“When you get that mob mentality, it can be dangerous,” MacAulay said.

Then I read another article in the San Francisco Chronicle written yesterday that discusses the riot, which was supposed to be a peaceful event, from the point of view of the organizers:

The man who organized Wednesday’s BART police protest said he broke down in tears when he saw his peaceful march turn violent as some participants began throwing bottles, spitting on police cars and setting small fires.

Evan Shamar said he left the demonstration and watched on television as the situation got worse.

“I was devastated by it,” said Shamar, 24, a photographer who lives in Oakland. “I worked diligently for the past 72 hours, and for it to be destroyed by a group of anarchists was extremely upsetting. I felt like my integrity had been compromised.”

But around 5 p.m., about 200 demonstrators left the Fruitvale Station and began marching toward downtown Oakland.

Not everyone agreed a march was the best thing to do.

Blackmon, who opposed the march, said she felt there needed to be a trained group of facilitators escorting marchers and working closely with police to maintain safety.

She said she was worried about some of the more uncontrollable elements at the Fruitvale rally.

“We did not feel that there had been proper preparation for it to be safe,” said Blackmon, who said she’s organized several demonstrations before.

Shamar disagreed.

“I did not want to stay confined in one area where we would not be seen,” he said. “I wanted to let everyone know what was going on. I wanted to make it clear the city was outraged.”

When the marchers reached the Lake Merritt BART Station around 6:15 p.m., Shamar saw things start to go bad. Marchers began kicking newspaper stands and using papers to start fires. As he saw them throwing bottles and spitting on police cars, Shamar said he wept and returned to the Fruitvale Station.

For the next four to five hours, marchers smashed and burned cars, shattered storefronts and clashed with police. Eventually, police arrested 105 protesters.

Shamar and other organizers said their cause was exploited by those who simply wanted to wreak havoc.

Is it just me or does it seem like these “victims” have put themselves in harm’s way to varying degrees?  For example, I do not know anyone that would be on a BART Train at 2am–much less 2am on New Year’s Day.  Nor do I know anyone that would be involved in a gang brawl on a BART Train.  Furthermore I have never been on my belly with my hands behind my back with police over me with guns drawn.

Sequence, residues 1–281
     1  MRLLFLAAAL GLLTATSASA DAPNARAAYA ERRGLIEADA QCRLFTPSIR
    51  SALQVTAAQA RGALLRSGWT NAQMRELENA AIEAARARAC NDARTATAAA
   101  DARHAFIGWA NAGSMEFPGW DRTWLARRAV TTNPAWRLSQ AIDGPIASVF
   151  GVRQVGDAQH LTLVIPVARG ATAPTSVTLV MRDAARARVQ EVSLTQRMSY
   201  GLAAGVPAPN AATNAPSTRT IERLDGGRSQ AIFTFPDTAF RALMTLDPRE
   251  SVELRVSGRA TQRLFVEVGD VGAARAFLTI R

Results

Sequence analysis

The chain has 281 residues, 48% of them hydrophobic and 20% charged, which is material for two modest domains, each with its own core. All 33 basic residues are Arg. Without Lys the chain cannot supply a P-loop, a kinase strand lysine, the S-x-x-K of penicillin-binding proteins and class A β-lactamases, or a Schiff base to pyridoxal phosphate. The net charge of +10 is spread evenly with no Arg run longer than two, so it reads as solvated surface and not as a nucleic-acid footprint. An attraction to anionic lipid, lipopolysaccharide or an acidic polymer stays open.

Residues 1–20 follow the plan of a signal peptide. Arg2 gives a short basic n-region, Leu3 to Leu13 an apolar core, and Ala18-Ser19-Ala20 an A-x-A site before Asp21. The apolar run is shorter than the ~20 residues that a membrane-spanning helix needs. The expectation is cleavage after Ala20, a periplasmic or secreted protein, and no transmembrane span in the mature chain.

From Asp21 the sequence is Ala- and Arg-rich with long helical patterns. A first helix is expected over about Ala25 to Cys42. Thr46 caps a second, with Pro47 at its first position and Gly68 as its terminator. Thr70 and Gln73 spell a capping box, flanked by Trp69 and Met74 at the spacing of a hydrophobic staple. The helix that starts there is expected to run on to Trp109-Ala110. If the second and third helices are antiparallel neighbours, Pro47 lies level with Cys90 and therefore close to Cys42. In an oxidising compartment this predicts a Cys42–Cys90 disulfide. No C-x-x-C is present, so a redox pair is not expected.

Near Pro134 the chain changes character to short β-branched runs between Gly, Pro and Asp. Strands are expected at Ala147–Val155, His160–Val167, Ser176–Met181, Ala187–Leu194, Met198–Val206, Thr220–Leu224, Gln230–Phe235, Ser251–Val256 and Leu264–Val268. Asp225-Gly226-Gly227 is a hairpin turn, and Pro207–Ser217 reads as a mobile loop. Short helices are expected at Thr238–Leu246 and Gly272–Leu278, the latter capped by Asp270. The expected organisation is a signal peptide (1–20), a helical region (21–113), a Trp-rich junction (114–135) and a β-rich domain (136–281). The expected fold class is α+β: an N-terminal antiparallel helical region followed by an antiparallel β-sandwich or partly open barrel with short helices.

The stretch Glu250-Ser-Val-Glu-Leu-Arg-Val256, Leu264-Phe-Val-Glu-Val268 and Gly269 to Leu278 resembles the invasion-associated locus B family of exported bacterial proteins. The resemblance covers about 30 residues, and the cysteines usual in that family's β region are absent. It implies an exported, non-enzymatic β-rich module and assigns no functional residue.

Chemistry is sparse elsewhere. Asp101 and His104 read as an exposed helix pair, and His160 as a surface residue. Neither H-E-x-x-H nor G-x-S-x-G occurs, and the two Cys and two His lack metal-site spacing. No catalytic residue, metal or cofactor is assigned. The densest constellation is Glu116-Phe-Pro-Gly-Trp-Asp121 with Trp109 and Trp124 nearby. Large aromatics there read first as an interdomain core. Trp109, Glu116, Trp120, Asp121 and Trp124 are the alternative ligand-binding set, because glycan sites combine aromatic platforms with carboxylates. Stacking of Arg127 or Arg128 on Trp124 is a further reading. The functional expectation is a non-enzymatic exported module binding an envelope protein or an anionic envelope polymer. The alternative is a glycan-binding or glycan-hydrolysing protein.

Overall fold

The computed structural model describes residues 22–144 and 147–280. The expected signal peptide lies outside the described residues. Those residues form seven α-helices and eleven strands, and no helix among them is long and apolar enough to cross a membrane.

For the record, I think that the death of Oscar Grant III was senseless and completely unnecessary.  The cop shot him, an unarmed man, who was laying on his belly and, at that particular moment, did not seem to be a harm to anyone (except, perhaps, himself).  At that moment.

Again, most of the time these “victims” had or have been behaving badly, often criminally and dangerously, and thus increase the risk of being hurt, killed, maimed, arrested and the like.  You have to conduct yourself and your life in a constructive and peaceful manner, if that is how you want to be treated.  If you are violent, disrespectful and criminal, then that is the path that you forge for yourself.

Then there’s the Police.  Ahhh…  The Oakland Police…  They have to be a motley crew.  Who else would take that job?  They know before they even fill out the application that they are going to be putting their life on the line every single day.  They know that they are going to have to deal with the people like the people in the pictures below.  It takes a certain type of person, a certain type of personality, to agree to take a job like being an Oakland Police Officer.  Each and every day they know they are entering the bowels of hell on Earth.

Yeah, Oakland, CA with an average of three homicides per week, looks like a nice place to live doesn’t it?












5 thoughts on “Could Oakland, CA Be Hell On Earth?

  1. Thanks for this great post – I live in Oakland, and was having trouble finding decent coverage or analysis (especially on the Oakland Trib website – that utter rag). So… thanks! 🙂


  2. I am absolutely disgusted by the protestors. They ended up acting exactly like those that they were condemning; how on earth can they defend themselves when it’s clear that they could not even show some sympathy or any kind of human emotion at all towards the innocent that they ill-treated?

    I dare anyone that was one of those violent protestors to give me a viable justification of their behavior.